Q by Christina Dalcher | Book Review #QBook #OnlyThePerfect

Publisher : HQ
Available in ebook, hardback, audio (30 April 2020) | paperback (7 January 2021)
384 pages
Source: Copy provided by publisher for review



Elena Fairchild is a teacher at one of the state’s new elite schools. Her daughters are exactly like her: beautiful, ambitious, and perfect. A good thing, since the recent mandate that’s swept the country is all about perfection.

Now everyone must undergo routine tests for their quotient, Q, and any children who don’t measure up are placed into new government schools. Instead, teachers can focus on the gifted.

Elena tells herself it’s not about eugenics, not really, but when one of her daughters scores lower than expected and is taken away, she intentionally fails her own test to go with her.

But what Elena discovers is far more terrifying than she ever imagined…


I haven’t read much dystopian fiction but I do like to dip my toe in now and again and this looked such a fascinating read.

Q is a story based around a nightmare scenario that you think couldn’t possibly happen… could it?

Set in an American dystopian world, everyone has a Q number which affects every aspect of their life, even babies are allocated a number at birth based on their parent’s Q. Q is a quotient number – based on intelligence, income, parents’ education, exam results, attendance records, performance and other factors and it is recalculated each month based on testing. For adults it may determine which jobs you can have, or even which supermarket queue you can use. Whilst children with the highest Q go to the elite schools (silver) and receive the best education, those with the lowest are sent far away from their families to federal schools (yellow), with green being in the middle.  No-one wants to be sent to a yellow school.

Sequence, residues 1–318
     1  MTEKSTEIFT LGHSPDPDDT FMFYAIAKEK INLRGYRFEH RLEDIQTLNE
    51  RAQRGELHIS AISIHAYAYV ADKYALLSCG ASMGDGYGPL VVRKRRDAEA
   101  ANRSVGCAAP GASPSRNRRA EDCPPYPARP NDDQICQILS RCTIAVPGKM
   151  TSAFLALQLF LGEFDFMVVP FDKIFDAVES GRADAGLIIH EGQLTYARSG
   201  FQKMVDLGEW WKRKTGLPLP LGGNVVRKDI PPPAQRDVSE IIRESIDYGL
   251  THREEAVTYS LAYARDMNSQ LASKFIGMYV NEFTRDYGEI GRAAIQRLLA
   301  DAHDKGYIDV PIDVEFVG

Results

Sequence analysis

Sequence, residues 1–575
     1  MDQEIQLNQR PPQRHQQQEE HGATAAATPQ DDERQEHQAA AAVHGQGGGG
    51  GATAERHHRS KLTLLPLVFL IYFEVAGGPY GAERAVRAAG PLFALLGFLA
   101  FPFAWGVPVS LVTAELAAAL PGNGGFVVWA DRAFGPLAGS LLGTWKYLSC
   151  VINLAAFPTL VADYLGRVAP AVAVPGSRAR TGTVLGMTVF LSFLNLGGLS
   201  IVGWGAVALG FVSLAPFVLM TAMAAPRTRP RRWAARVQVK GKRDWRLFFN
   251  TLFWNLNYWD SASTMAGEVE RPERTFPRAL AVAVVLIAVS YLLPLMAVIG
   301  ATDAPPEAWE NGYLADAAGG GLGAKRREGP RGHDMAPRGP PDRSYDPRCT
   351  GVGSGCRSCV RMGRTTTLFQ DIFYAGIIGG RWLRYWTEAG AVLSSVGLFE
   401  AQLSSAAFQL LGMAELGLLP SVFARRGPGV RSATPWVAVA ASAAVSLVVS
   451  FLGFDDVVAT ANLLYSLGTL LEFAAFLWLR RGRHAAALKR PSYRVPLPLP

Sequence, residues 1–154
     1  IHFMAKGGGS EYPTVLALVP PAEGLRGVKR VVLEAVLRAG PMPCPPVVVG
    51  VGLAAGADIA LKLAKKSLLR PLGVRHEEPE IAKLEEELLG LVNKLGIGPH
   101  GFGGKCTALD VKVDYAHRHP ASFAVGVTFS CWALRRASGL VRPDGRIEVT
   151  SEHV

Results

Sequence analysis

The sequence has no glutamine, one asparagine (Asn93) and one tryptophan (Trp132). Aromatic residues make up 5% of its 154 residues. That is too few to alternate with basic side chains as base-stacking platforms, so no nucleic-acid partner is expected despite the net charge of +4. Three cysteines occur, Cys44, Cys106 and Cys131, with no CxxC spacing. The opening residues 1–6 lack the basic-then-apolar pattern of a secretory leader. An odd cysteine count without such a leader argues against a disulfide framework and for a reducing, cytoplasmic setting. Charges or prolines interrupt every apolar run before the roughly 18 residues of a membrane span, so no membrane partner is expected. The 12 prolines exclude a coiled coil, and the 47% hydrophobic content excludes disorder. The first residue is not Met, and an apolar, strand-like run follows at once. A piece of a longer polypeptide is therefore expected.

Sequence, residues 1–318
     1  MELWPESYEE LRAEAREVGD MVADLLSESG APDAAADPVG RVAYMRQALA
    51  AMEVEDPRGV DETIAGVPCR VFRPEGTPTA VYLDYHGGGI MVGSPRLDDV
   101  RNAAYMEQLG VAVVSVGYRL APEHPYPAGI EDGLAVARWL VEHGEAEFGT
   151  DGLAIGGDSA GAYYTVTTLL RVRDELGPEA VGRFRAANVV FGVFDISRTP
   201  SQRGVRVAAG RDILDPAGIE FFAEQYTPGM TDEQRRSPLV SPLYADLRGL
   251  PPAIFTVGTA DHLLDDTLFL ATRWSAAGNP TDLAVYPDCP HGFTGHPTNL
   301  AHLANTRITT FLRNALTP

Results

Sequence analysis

Teacher Elena Fairchild is married to Malcolm, one of the heads of the Department of Education responsible for making the rules and a more despicable man you could not meet! A cold man yet one who shows favouritism within the family, he is insistent that the rules must be followed even when it affects his own child, Elena has to make a desperate choice when the Q number for her youngest child Freddie falls below the desired level and she faces being sent to a yellow school.

The concept of eugenics is a focus of this story, and although it may seem far-fetched, who knows what could happen if something like the ‘Fitter Family Campaign’ actually became a reality. If parents separate, then a child is placed with the parent with the highest Q number, who earns the most, who takes the least time off work – which is usually the man.

I could get completely behind the character of Elena as she fought the system that her husband was complicit in implementing, to help her child. As a university student together with Malcolm, she heartily agreed with his views but then her feelings changed, both for Malcolm and for the whole programme. For her grandmother Oma, it invoked memories of the Nazi eugenics programme.

Both suspenseful and disturbing, Q was an unsettling tale of a society where perfection was rewarded and anyone who didn’t make the grade – well they didn’t matter.  I was totally absorbed by this chilling and thought provoking story – right to the very last page.


Christina Dalcher is the Sunday Times bestselling author of VOX. She earned her doctorate in theoretical linguistics from Georgetown University, specializing in the phonetics of sound change in Italian and British dialects. She and her husband split their time between the American South and Naples, Italy. Q is her second novel.

Author Links:
Website | Facebook | Goodreads

Book Links:
Amazon UK | Waterstones


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